• If Xcode doesn't seem to be "seeing" your iOS or tvOS device, some combination/escalation of unplug/replug , restart Xcode, restart Mac generally fixes it.
  • Any logging to stdout/stderr from your app appears in a window in Xcode, which is handy.

Other considerations about the iOS and tvOS environments

Stuff you need to know:

Files on iOS and tvOS devices

  • iOS and tvOS apps run in a "sandbox" where they keep their data. They don't get to mess with other apps data. When the app is uninstalled, the entire sandbox contents is deleted. There are some important conventions to be aware of.
  • You can transfer files to and from a Mac (using iTunes) to that sandbox if the app has enabled "file sharing" (see above mention re Info.plist).
  • Such file transferring does seem to be individual files. You can't select a folder and have that and all its contained files and subfolders be transferred. Solutions probably involve "container files" like tar or zip… more on this here.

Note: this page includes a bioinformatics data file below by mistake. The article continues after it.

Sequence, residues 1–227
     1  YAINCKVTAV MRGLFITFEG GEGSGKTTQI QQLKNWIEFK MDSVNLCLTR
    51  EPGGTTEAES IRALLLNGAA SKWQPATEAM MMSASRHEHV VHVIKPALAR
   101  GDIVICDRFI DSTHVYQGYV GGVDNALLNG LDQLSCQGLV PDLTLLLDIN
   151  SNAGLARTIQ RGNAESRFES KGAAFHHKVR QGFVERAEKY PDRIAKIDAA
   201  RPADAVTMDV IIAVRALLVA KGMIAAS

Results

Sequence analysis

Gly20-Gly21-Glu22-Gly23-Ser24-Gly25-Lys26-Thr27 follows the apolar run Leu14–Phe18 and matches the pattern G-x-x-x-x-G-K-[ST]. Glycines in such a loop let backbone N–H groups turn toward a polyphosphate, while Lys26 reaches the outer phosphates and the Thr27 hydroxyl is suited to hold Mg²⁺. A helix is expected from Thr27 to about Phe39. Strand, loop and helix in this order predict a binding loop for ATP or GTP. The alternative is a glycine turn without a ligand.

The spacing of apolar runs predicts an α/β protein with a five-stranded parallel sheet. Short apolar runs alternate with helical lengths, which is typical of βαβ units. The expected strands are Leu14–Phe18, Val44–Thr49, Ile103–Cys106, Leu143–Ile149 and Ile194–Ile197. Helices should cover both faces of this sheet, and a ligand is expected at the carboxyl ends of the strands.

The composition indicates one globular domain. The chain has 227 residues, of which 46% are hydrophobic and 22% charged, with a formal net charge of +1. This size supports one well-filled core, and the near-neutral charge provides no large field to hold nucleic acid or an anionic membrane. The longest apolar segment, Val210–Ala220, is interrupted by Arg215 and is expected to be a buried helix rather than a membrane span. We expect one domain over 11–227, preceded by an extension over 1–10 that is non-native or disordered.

https support

  • Since version 5.5, Qt makes use of the platforms's SecureTransport framework to provide QSslSocket functionality. This includes:
    • C++: QNetworkAccessManager
    • QML: XMLHttpRequest
  • The iOS platform does not expose OpenSSL as a public library, but it's possible to build and link OpenSSL manually. See QTBUG-3689.

"Installers" for iOS and tvOS

The workflow described above refers to deploying an app to a USB-attached iOS or tvOS device. If you want to send an "installer" for an app to someone remote with an iOS or tvOS device (NB must be one which has somehow been inducted into your limited pool of development/test machines, for example by adding the device GUID in your Apple developer account and creating and downloading a new app signing certificate including the device):